Shaping the Past
In 2017, when the City of Los Angeles replaced Columbus Day with Indigenous Peoples Day, for many, it was a call to action to uplift the forgotten, hidden, and censored narratives of Los Angeles, specifically centering Yaangna (LA's original name) and the Indigenous communities; the Tongva, Tataviam, and Chumash Tribal Nations that call this place their ancestral homeland.
On Monday, Oct. 12th
, Indigenous Peoples Day, and within the context of the project Shaping the Past, artist and cultural organizer Joel Garcia will be taking over the Goethe-Institut Los Angeles' social media channels (Instagram
) to highlight some of these narratives of place, peoples, and memory while challenging viewers to consider the impacts of erasure.
Follow Garcia's work via his website
, and Twitter.
is an Artist, Arts Administrator and Cultural Organizer with more than 20 years of experience working transnationally focusing on community-centered strategies. His approach is rooted in Indigenous-based forms of dialoguing and decision-making (non-hierarchical) that uplifts non-institutional expertise. Joel uses art and organizing to raise awareness of issues facing underserved communities, inner-city youth, and\ other targeted populations. He’s the co-founder of Meztli Projects, an Indigenous based arts & culture collaborative centering indigeneity into the creative practice of Los Angeles by using arts-based strategies to advocate for and organize to highlight issues impacting native artists and youth.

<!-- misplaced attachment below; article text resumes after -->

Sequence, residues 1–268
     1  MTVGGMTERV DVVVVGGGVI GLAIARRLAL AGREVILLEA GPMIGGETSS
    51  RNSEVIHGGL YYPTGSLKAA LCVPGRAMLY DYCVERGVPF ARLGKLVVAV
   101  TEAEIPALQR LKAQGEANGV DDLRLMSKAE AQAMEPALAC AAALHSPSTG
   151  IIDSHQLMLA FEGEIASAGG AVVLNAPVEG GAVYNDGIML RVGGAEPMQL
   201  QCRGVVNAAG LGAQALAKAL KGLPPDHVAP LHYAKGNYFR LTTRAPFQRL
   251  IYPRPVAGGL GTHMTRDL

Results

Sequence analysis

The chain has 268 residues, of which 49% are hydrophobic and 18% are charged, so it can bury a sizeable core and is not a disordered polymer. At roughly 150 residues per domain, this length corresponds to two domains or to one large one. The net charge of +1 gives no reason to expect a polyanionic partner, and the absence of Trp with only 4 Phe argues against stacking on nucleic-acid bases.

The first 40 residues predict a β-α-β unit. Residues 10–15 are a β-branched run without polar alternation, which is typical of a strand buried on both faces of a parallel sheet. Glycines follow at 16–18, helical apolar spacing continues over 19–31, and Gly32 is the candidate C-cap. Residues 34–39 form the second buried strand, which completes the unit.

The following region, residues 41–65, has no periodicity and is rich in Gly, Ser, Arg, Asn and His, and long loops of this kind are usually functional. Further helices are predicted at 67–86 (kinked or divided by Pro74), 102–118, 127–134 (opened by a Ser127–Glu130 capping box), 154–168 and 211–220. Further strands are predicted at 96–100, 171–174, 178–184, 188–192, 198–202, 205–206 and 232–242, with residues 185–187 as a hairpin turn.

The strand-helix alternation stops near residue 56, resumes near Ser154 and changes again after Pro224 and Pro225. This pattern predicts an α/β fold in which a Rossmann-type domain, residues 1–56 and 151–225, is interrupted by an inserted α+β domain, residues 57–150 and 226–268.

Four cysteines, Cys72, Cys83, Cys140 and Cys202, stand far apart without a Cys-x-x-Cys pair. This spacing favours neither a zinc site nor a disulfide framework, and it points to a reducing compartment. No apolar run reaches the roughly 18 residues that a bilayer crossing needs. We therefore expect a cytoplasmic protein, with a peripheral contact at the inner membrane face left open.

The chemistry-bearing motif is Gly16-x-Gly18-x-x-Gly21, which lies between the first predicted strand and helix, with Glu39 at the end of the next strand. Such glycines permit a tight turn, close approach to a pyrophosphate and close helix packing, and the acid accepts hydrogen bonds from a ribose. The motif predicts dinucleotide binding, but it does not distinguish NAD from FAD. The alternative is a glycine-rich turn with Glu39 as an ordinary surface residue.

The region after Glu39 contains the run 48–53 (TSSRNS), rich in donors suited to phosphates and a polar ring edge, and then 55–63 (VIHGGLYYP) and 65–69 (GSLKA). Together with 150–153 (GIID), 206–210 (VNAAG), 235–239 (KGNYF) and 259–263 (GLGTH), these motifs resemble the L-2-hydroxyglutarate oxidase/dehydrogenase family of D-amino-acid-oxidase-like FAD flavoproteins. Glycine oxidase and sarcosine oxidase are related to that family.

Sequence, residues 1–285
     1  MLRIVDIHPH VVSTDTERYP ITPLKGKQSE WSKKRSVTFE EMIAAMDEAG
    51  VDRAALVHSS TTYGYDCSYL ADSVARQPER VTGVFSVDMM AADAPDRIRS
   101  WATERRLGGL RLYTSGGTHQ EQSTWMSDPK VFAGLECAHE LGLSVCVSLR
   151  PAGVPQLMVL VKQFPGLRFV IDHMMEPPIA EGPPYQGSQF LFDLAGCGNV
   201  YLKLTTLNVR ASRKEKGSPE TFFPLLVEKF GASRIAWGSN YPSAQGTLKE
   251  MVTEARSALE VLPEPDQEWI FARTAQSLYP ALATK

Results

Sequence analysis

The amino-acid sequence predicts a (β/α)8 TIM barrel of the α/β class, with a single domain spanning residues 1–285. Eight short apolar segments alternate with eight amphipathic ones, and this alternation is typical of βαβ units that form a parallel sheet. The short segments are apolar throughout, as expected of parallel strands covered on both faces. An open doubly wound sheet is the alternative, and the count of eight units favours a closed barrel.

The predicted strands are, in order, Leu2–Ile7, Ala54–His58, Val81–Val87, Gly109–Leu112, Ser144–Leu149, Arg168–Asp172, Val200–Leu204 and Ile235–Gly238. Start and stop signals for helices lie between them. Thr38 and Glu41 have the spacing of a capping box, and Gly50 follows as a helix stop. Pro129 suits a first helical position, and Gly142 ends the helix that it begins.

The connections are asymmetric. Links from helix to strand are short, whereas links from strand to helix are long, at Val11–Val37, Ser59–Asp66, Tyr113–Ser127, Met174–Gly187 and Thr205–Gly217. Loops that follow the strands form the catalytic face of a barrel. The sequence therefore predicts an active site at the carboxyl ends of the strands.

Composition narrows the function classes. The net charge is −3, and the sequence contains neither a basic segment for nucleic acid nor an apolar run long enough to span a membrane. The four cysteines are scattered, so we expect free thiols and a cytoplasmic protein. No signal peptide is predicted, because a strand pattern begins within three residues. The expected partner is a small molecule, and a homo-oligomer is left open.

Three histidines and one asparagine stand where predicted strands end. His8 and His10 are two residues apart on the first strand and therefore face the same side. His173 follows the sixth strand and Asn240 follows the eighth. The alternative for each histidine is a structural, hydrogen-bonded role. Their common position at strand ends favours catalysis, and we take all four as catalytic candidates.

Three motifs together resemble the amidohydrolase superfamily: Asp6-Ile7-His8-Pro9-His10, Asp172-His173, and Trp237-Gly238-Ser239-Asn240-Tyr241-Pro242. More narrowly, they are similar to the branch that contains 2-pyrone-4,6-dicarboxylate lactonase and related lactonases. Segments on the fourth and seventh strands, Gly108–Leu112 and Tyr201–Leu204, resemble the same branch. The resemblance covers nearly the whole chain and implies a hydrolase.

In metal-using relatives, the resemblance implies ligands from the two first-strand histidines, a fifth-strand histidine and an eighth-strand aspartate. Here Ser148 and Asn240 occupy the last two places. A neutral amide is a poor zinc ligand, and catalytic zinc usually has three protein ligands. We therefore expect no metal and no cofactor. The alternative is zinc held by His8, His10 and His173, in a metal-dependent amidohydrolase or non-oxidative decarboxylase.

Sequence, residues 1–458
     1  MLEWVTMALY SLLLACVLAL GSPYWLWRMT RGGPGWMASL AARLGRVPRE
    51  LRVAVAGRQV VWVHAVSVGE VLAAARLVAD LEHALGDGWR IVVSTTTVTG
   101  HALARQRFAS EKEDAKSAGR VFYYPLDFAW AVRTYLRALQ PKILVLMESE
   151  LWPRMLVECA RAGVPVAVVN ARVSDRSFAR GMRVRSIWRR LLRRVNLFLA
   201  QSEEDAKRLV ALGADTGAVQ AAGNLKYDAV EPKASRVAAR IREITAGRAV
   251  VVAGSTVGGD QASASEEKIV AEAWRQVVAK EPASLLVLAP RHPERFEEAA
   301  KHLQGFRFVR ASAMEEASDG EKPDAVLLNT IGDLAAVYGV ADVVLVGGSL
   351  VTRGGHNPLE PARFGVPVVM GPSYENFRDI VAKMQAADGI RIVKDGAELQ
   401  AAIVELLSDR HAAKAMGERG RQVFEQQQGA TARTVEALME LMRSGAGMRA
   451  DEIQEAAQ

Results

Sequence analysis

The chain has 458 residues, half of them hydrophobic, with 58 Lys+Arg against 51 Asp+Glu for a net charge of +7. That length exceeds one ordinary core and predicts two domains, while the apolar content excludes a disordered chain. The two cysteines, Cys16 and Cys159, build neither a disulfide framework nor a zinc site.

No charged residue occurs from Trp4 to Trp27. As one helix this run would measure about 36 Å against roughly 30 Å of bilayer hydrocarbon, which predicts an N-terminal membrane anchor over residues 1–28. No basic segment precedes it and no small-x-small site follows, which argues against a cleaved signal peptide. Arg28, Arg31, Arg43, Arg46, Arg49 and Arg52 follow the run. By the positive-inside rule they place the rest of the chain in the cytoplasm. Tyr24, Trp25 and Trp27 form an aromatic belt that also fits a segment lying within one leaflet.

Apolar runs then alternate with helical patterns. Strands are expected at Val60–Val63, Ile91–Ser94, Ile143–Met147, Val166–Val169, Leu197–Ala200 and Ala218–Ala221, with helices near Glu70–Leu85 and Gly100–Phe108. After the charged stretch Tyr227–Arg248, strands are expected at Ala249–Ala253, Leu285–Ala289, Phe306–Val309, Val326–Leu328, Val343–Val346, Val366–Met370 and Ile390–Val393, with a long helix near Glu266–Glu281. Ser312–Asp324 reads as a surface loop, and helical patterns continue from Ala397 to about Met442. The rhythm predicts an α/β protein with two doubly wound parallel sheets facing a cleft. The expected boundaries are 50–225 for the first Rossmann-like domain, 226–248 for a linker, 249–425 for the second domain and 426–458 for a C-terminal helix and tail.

Shaping the Past is partnership of the Goethe-Institut, Monument Lab, and the Bundeszentrale für politische Bildung (Federal Agency for Civic Education).
The project connects to the activist and artistic work of local, national, and transnational movements as a reflection of memory culture and discusses new perspectives on forms of memory.